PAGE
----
Install and Setup R & RStudio


Pennsylvania State University


To start using R, you first need to install it, as it does not come bundled with your computer. The easiest way to do this is to visit CRAN and click on the link for your operating system (there are versions for Windows, Mac, and Linux).

CRAN (Comprehensive R Archive Network) is a network of servers around the world that store identical, up-to-date, versions of code and documentation for R. This is where we will download R from, but also all the packages that we will use in this course. When you first try to install a package, you will be prompted to select your CRAN mirror. You can select any mirror, but it is best to choose one that is close to your location, as this will make the download faster.


You could also use a small application called {rig} to install R. {rig} is a small cross-platform application (i.e. works on Windows, Mac, and Linux) that downloads and installs R for you. While this may seem pointless to install an application to install R, it is actually quite useful as it makes it far easier to download and install multiple versions or R. As R is updated, bugs are fixed and new exciting packages do not support older versions of R, you will eventually need to update your installation. This is normally a massive pain due to the way R and the associated packages are installed on your computer. {rig} makes this process much easier (although you still shouldn’t upgrade R versions mid-project unless you are OK losing a couple of hours getting set up again).



R is the programming language, but we need a way of interacting with R. We can do it directly by typing R into the terminal/command prompt, but this will give us a very pared down experience that is missing many of the essential features that make our development experience much more productive (as well as more enjoyable). For that, we want to install a Graphical User Interface (GUI), or more specifically, an Interactive Development Environment. The most suitable one for most R users is RStudio. RStudio is an easy-to-use IDE that allows us to write scripts (so we can save our analysis and rerun it easily, without needing to re-type it all), use the R console to check things quickly, provides a plotting window to easily manipulate and visualize the data, as well as an environment viewer to quickly understand what packages we have loaded and objects we have created.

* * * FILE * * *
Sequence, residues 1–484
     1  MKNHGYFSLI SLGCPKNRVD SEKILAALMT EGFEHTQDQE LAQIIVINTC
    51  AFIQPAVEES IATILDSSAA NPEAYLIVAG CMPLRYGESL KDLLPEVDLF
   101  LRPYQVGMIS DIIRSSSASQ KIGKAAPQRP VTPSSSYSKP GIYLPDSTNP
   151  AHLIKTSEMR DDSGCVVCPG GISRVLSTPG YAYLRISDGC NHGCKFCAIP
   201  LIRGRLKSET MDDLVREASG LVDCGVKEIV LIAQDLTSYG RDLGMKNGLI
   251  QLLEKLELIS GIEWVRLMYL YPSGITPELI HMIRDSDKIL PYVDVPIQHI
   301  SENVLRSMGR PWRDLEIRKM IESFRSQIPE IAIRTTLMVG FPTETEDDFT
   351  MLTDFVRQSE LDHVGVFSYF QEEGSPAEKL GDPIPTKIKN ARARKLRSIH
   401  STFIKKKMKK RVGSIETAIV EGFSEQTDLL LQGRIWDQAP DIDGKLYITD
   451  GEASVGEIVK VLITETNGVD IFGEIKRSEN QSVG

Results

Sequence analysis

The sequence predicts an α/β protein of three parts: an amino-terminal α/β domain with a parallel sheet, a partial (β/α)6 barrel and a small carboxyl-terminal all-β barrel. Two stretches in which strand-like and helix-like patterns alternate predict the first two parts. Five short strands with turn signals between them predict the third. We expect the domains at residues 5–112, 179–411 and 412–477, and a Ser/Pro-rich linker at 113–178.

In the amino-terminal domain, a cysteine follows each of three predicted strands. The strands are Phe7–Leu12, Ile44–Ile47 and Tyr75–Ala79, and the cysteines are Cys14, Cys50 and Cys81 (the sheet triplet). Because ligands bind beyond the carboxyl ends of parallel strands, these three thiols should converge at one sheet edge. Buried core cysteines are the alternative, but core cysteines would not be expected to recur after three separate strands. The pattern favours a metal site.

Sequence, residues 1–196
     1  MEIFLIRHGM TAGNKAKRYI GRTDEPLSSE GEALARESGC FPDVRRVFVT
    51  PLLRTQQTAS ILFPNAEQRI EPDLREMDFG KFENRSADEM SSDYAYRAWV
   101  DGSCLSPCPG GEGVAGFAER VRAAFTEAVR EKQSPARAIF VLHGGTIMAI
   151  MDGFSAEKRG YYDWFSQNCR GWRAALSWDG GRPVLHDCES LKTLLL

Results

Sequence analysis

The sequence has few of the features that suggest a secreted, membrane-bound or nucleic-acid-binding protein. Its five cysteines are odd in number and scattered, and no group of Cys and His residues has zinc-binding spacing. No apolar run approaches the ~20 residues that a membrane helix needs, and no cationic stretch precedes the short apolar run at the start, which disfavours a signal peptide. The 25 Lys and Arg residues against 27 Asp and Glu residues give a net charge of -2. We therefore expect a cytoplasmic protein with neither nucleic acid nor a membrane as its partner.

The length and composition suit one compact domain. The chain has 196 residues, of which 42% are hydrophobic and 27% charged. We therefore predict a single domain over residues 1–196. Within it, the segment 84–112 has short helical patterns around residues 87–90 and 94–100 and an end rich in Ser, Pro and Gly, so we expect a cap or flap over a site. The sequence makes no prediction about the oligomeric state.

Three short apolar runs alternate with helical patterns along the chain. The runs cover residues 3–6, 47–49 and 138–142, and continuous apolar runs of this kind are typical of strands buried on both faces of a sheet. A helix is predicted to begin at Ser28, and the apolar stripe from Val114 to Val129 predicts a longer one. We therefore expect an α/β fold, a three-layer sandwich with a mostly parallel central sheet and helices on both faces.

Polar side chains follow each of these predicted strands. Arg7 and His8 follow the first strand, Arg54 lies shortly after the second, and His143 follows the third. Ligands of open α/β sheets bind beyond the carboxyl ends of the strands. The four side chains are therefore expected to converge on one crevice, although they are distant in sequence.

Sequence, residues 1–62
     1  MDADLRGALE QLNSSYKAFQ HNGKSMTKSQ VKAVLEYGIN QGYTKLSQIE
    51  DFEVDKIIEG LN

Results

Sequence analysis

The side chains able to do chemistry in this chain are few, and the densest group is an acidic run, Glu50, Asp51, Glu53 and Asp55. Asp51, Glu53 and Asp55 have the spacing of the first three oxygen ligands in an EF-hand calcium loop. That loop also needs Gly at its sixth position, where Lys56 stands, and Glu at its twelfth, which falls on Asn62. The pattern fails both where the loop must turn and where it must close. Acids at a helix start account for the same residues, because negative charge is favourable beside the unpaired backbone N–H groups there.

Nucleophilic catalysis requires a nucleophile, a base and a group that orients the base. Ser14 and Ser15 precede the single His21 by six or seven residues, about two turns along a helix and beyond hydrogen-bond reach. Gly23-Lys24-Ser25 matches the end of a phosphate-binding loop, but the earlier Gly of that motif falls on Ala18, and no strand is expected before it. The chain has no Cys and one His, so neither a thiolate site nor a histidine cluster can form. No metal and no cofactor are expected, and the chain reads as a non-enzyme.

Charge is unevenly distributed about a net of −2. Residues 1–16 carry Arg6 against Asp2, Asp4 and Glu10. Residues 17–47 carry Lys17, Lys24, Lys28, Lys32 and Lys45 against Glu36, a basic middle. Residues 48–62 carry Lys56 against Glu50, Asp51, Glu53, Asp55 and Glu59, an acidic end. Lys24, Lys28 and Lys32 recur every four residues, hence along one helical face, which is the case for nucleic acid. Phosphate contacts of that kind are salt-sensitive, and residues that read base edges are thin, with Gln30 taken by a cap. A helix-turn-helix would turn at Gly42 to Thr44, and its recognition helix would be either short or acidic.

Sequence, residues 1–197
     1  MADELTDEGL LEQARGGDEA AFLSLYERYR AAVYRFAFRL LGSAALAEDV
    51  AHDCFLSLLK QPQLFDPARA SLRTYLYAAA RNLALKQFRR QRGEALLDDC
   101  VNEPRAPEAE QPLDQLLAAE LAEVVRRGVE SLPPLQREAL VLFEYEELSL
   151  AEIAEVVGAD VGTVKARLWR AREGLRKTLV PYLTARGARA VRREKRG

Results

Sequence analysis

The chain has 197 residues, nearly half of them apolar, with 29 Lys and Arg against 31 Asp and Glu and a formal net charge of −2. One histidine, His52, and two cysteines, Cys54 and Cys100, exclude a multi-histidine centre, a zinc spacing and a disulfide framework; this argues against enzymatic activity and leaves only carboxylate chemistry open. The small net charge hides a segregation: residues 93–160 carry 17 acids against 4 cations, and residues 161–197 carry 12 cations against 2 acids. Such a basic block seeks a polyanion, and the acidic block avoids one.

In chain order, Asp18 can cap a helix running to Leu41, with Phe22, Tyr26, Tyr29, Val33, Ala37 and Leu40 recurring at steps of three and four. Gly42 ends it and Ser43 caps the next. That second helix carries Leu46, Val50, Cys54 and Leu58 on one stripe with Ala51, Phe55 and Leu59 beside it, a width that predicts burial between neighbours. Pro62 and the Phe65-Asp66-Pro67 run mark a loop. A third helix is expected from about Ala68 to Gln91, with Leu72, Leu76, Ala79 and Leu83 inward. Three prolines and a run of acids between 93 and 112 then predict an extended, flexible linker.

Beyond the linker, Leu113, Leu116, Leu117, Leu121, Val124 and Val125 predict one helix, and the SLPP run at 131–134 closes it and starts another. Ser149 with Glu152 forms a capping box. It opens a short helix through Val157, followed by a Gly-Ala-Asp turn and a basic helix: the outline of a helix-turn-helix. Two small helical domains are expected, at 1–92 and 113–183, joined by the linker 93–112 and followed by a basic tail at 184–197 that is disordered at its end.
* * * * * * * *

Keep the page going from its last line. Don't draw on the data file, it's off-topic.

To download RStudio, simply visit this link, which should provide you with a button to download the appropriate version for your operating system (there is also the full list of versions below the download button, in case it doesn’t recognize your OS correctly).


Once you’ve installed RStudio, you can get going straight away - that’s the beauty of it. However, spending a few minutes getting accustomed and adjusting the layout will make your development a little smoother.


The first thing that’s worth doing is adding a theme - the default white background can be a little harsh when you spend a long time staring at code. Open up the global preferences (ctrl/cmd + ,), go to “Appearance > Editor theme”, and select a theme that works for you. The “Cobalt” theme is usually a nice default that work for many. Here, Callum is using the “Catppuccin” theme, that can be downloaded from here, and installed by clicking on “Add” at the “Appearance” screen.

RStudio editor theme

Pane layout

The next RStudio thing that you may want to customize is the default layout. In the “Pane Layout” section of the global preferences, you can determine what you want to show in each quadrant of RStudio. The default layout will show you all the necessary parts, but most of the time you will be using the “Source” section, as this is where you write your scripts, and the “Environment” panel, which is where you can see what objects have been created, as well as exploring their properties e.g., columns names in a dataframe. For this reason, you may like to place the “Environment” panel under the “Source” panel, so they take up the majority of your screen, and the “Files/Plots/Help” and “Console/Terminal” panels are off to the side as you will interact with them less.

RStudio pane layout settings

RStudio pane layout


The final thing to do, that’s actually quite important, is to turn off the “Restore .RData into workspace at startup”. The reason being, if you do not, objects from previous sessions will be loaded into your new working environment, putting things where they shouldn’t be, making it very difficult to catch bugs as your code may reference something that doesn’t exist by that point in your script as it is created later on, but you wouldn’t catch that mistake as it was loaded into your environment on startup.

RStudio .RData settings